New Year’s resolutions are doomed to fail. Don’t get us wrong, we’re all for resolving to be better! Just not on the one day of the year when you’re quite possibly the most hungover.
Instead of resolving to work out more or eat better, why not take the new year as an opportunity to jump-start that business idea you’ve been planning?
But before we get going, here are some great things to consider before your new business launch:
If you can’t beat ’em join ‘em, and if you don’t want to join ‘em… beat ‘em!. Knowing who you’re competing against and what the market looks like will help you determine what your business’s differentiators are. Your research could consist of looking at how many close competitors you have, what they’re doing, and how your business is different, better, more streamlined, more tech-savvy. Looking at the strengths and weaknesses of the current market can help you position yourself to outperform existing competitors.
Once you have completed your research to identify who your competitors are, your next task is to figure out what you can offer to outperform them. Coming into an already saturated market means you’ll need to determine your niche, stake your claim, and defend your right to be there!.
One foolproof way to position yourself to win is to identify your consumer’s pain points and then solve them better than your competitors. Who are your customers? What do they need? How can your product or service get them where they need to be? If you can’t answer these questions and position your business to provide those answers, your next step might be to target market insights and do some business planning.
When establishing a new business one of your first steps is to decide what type of entity you want to establish. There are pros and cons to each different type of business formation. Some of which include the following:
When forming a new business, one of the first steps is to decide on the type of entity you want to establish. There are pros and cons to each type of business structure. Here are some general guidelines:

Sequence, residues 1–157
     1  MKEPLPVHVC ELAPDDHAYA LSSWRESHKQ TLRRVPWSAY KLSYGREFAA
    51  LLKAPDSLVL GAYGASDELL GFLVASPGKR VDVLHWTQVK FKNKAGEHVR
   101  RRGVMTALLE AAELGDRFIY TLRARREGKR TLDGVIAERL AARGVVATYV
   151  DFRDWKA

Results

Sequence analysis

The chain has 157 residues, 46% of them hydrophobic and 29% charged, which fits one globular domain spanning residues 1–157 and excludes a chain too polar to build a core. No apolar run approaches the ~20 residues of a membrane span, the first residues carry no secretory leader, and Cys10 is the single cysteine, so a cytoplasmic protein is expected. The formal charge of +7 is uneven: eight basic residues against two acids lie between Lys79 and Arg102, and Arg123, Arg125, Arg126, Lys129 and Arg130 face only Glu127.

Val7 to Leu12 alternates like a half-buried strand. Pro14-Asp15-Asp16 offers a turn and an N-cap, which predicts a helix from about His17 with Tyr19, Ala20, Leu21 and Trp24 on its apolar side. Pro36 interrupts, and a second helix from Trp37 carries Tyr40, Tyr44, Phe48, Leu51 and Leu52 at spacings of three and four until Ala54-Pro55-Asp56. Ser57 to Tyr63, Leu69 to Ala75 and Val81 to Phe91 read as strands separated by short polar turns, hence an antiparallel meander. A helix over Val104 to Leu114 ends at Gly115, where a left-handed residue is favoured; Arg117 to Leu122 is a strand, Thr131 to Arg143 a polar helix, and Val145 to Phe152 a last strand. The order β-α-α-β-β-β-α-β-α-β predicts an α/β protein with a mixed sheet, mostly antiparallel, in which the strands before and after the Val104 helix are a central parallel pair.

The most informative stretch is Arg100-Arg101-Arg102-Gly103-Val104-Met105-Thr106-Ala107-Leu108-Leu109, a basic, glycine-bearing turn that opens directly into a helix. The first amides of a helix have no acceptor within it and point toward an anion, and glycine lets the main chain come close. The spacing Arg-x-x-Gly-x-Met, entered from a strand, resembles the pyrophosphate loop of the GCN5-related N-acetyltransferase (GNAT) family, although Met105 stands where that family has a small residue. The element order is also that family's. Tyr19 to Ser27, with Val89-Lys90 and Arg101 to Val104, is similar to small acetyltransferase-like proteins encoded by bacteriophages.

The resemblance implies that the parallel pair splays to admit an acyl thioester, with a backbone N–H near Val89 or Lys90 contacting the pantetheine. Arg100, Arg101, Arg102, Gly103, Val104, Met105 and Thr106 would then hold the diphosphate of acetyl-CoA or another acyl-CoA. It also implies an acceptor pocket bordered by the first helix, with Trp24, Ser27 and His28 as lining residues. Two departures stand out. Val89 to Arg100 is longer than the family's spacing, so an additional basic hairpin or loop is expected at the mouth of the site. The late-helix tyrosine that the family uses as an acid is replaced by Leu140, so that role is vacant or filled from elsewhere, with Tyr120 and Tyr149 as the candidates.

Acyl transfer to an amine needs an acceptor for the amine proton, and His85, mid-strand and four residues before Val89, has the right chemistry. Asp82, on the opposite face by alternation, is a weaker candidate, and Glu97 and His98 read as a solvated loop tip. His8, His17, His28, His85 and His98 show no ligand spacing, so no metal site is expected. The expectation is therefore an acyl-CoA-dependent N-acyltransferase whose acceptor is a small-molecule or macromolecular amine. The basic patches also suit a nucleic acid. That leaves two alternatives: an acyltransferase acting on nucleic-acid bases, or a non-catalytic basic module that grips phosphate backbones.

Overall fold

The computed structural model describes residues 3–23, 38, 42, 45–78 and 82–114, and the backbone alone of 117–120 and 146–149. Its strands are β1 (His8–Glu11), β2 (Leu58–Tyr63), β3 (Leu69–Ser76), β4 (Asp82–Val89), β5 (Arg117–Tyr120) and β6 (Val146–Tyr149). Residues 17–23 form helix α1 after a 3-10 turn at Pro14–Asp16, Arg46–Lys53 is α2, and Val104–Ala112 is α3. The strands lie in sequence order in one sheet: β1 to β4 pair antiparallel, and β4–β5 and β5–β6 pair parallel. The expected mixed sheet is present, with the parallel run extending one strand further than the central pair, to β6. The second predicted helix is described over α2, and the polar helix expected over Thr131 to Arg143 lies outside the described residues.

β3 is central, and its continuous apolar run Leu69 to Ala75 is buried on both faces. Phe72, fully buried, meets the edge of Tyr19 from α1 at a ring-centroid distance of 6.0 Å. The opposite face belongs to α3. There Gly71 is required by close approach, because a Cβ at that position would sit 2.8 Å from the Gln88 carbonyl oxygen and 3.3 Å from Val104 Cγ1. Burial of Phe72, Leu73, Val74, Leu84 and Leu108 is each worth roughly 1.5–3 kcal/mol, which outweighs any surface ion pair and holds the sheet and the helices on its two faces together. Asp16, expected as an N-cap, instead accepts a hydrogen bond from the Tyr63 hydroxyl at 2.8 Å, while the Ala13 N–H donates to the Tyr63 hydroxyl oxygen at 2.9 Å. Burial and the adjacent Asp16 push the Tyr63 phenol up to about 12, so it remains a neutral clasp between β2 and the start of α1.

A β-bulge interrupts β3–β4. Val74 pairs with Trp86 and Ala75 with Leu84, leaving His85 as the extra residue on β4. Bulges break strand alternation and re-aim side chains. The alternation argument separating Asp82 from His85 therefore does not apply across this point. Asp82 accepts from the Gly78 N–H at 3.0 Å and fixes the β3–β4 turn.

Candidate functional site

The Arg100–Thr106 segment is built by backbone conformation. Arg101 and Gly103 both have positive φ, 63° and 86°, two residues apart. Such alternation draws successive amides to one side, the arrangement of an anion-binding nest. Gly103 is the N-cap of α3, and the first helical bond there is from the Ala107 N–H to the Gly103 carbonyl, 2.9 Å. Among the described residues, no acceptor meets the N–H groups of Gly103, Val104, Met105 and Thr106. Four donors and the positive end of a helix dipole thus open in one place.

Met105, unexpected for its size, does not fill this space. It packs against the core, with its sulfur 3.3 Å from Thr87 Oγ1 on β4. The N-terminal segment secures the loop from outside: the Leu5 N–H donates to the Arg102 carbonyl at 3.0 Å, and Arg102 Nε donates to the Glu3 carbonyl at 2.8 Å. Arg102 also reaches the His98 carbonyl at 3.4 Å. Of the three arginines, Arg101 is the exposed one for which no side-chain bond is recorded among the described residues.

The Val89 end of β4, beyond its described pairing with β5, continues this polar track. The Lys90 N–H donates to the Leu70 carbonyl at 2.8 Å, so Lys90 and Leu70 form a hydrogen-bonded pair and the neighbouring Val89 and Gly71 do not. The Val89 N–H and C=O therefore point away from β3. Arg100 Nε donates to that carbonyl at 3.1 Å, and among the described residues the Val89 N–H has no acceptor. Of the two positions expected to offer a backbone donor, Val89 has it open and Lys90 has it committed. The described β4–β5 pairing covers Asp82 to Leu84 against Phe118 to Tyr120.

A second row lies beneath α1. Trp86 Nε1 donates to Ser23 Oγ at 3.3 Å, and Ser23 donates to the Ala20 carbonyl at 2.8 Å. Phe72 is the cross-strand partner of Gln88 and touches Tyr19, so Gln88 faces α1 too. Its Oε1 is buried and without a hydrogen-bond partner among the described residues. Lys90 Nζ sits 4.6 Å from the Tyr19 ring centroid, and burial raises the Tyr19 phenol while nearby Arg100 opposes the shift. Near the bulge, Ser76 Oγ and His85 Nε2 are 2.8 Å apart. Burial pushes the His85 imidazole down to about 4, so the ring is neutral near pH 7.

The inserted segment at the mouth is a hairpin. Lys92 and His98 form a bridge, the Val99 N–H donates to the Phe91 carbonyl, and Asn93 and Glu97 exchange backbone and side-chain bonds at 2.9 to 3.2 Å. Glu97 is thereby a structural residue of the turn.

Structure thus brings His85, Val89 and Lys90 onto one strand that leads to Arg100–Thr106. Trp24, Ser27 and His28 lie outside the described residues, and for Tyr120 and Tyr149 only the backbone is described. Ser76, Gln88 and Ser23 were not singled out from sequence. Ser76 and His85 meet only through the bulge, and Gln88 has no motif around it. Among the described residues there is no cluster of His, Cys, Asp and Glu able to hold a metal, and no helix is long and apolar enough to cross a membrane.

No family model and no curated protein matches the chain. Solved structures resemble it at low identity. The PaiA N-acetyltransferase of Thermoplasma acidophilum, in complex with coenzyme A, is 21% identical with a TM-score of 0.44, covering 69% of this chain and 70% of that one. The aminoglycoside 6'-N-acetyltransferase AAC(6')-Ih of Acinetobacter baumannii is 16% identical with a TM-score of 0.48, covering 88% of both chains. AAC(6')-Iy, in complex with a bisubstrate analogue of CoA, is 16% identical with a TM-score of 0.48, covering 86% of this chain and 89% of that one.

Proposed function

One of the hardest parts about trying ANYTHING new is not knowing what you don’t know. Anyone who’s been around the block knows it’s best to get it right the first time! Speaking to a lawyer or a professional in your field can ensure you prevent any headaches before they start, and that nothing falls through the cracks.
Obtaining legal counsel in the early stages of your business forms a relationship that will benefit you throughout your business journey. Getting your business up and running is just the tip of the iceberg. Legal counsel will continue to serve you as your business continues to evolve, and new challenges arise.
But don’t worry, once you’re up and running, you should be good to go for the foreseeable future.
You’ll want to consult a legal partner again in the event of a merger or acquisition when clarifying distribution agreements, franchising, and even sometimes when making sales. Having access to legal counsel will streamline your process and protect your assets.
A well-made business plan has specifics on projected P&L, cash flow, hiring needs, the scope of work, and budget (among many other facets). When seeking investment or funding, you’ll need to present your proposed budget for the upcoming year. Your budget will, of course, include expenses such as equipment, rent, and payroll expenses, but don’t forget to budget for legal counsel, filings, and bookkeeping services.
Whether applying for a loan, finding investors, or investing your own capital, you need to be sure your business is well-funded before you get the ball rolling.
There are various ways to secure funding for your business, It’s important to determine which of these options will work best for your business. These are the high-level of three initial options:
Loans: If you want to keep complete control of your business rather than handing over some amount of say to your investors, taking out a business loan may be your best choice. When applying for a loan, be prepared to explain your budget and business plan to the lender. Bring your business plan, expense sheet, and financial projections for the first 3-5 years of operations.
Regardless of what type of business entity you decide to establish, you’ll need to register your business in compliance with federal, state, and local laws. The state where your business operates determines how you must register your business., but all businesses also need to be federally registered.
Registering your business to comply with federal laws and regulations is an important step in the formation process. Federal registration is a relatively simple process that can be accomplished through the IRS website. Part of this process includes obtaining an Employer Identification Number (EIN) which allows your business to hire employees and pay federal taxes.
With your business plan in hand and ready to go, you’re ready to tackle the new year. I told you you looked ready! Get started by reaching out to our team of legal experts at @VirtualCounsel. We’ll answer all your questions, and help you get set up right.
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